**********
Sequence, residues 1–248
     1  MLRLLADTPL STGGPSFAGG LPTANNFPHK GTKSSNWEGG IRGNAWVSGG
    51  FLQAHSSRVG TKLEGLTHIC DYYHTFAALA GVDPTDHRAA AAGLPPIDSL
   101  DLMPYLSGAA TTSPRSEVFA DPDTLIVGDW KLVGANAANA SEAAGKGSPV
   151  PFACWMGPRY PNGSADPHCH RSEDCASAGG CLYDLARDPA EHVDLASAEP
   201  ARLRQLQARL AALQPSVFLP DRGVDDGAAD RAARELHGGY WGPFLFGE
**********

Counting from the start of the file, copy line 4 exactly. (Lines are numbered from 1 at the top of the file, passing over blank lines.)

   101  DLMPYLSGAA TTSPRSEVFA DPDTLIVGDW KLVGANAANA SEAAGKGSPV